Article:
In full-term newborn rats, propylthiouracil (PTU) treatment has been previously shown to decrease susceptibility to O2-induced lung damage and improve survival during hyperoxic exposure. However, no differences were found in lung antioxidant enzyme (AOE) activity responses to hyperoxia compared with O2-expected untreated (control) term rats. To further explore possible pulmonary protective effects of PTU treatment in prematurely delivered animals, we administered PTU (0.015%) in drinking water to timed- pregnant rats for the final 10 d of gestation prior to delivery 1 d before term, and during lactation; control pregnant/nursing rats received untreated water. Both groups of 21-d premature rat pups were randomized to either >95% O2 or room air exposure after birth for up to 14 d. The left lungs of 7 d exposure pups were used to quantitate the concentrations of AOE mRNA by solution hybridization; the right lungs of the same pups were assayed for AOE activities. PTU treatment resulted in survival rates of O2-exposed preterm rat pups that were consistently higher at all time periods in hyperoxia including 7 d [PTU, 67 of 82 (82%) versus control pups, 58 of 113 (51 %);p < 0.001] and 14 d [PTU, 31 of 39 (79%) versus control, 15 of 66 (23%); P < 0.001]. Further evidence of increased tolerance to >95%, O2 in PTU pups included a significant decrease in the incidence of microscopic intraalveolar edema and a significant increase in lung tissue surfactant-related phospholipids compared with O2-exposed control pups. At 7 d in high O2, the PTU-treated pups showed greater increases in the lung AOE mRNA levels and AOE activities of catalase and glutathione peroxidase in response to hyperoxia compared with the untreated control O2 group. Thus, we conclude that PTU treatment protects premature rats against O2-induced lung injury and lethality during prolonged hyperoxic challenge. The protective action of PTU may be related, at least in part, to the enhanced pulmonary AOE gent expression in the treated rat pups with resultant increases in protective AOE activity levels in response to neonatal lung oxidant challenge.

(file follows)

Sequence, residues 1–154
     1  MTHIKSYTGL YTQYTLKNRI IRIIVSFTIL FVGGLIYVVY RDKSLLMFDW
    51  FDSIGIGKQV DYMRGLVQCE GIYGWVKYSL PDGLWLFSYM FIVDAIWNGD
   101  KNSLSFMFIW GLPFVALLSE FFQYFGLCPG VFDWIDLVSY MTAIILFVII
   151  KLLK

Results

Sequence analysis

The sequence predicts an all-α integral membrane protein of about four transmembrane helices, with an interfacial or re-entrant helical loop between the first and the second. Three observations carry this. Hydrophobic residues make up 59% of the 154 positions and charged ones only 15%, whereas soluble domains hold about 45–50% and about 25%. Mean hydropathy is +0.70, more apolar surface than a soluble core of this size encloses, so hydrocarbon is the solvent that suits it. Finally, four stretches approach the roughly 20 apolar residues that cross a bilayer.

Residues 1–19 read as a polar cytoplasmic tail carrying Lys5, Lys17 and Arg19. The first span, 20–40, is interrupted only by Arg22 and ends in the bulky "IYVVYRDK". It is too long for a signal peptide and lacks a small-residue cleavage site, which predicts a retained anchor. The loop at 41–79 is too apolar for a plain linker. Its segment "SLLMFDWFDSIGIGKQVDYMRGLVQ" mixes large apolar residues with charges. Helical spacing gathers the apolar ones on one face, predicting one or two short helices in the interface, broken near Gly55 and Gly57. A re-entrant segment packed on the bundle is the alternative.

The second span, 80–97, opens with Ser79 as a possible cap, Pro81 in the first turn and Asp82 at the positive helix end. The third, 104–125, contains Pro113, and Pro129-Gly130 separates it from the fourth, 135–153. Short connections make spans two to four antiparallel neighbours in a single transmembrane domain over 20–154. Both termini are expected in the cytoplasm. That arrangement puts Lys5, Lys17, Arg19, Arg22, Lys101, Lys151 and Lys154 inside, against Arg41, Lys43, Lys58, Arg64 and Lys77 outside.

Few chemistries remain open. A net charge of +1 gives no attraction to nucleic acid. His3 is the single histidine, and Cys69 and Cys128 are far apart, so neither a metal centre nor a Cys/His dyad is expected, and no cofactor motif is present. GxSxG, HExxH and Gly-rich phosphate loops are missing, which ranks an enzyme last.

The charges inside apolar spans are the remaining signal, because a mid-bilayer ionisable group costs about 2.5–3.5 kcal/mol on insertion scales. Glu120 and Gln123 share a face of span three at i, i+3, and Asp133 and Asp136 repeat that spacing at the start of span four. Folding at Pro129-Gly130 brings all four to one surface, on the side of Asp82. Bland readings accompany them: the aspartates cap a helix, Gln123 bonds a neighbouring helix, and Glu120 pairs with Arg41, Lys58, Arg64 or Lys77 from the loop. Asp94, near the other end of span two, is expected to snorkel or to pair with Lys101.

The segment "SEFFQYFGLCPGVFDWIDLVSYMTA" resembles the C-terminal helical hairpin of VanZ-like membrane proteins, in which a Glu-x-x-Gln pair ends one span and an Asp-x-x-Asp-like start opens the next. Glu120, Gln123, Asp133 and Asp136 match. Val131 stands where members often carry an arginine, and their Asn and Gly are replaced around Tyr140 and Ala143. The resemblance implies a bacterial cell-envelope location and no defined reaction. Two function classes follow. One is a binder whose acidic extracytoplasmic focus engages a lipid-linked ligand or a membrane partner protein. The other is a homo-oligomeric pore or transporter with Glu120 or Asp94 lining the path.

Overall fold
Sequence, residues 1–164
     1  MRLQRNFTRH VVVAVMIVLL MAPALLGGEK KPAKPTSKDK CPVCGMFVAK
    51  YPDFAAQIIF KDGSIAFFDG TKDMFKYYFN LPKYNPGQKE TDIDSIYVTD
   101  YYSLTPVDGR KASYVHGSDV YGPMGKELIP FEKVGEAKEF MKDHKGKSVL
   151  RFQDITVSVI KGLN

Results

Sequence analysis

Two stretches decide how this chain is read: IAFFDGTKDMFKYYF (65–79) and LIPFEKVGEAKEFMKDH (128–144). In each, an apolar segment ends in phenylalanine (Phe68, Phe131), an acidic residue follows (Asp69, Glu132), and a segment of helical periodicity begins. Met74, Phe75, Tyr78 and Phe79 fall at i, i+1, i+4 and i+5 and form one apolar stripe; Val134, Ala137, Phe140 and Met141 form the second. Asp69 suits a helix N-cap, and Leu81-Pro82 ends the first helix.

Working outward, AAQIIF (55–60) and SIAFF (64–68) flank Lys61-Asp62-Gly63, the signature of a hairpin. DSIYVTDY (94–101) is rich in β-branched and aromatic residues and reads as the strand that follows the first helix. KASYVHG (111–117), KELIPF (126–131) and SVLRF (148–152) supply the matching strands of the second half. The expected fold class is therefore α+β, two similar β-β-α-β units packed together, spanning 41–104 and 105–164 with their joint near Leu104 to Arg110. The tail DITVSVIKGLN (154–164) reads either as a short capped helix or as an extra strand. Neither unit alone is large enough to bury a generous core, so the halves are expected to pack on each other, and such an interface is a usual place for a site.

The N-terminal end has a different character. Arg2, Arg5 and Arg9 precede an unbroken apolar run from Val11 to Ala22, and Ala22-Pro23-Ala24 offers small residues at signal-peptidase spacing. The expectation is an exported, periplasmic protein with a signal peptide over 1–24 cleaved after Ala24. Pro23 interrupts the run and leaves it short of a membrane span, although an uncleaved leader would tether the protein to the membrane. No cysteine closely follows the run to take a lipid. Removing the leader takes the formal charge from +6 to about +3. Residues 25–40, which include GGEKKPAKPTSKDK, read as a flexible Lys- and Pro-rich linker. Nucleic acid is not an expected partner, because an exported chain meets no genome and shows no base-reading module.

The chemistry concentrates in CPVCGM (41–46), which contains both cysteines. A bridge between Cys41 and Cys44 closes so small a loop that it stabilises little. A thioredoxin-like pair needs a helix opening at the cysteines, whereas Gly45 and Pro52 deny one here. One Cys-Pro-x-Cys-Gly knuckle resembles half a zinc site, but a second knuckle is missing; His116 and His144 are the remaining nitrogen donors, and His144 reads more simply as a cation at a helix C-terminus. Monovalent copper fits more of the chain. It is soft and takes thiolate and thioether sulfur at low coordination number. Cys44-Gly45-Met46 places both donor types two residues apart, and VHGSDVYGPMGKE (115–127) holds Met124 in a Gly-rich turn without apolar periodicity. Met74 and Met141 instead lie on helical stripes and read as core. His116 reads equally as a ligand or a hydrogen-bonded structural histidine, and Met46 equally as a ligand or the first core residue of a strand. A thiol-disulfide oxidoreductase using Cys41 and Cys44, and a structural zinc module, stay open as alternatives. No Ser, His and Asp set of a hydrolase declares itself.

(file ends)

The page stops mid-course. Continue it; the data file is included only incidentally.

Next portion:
ASJC Scopus subject areas
- Pediatrics, Perinatology, and Child Health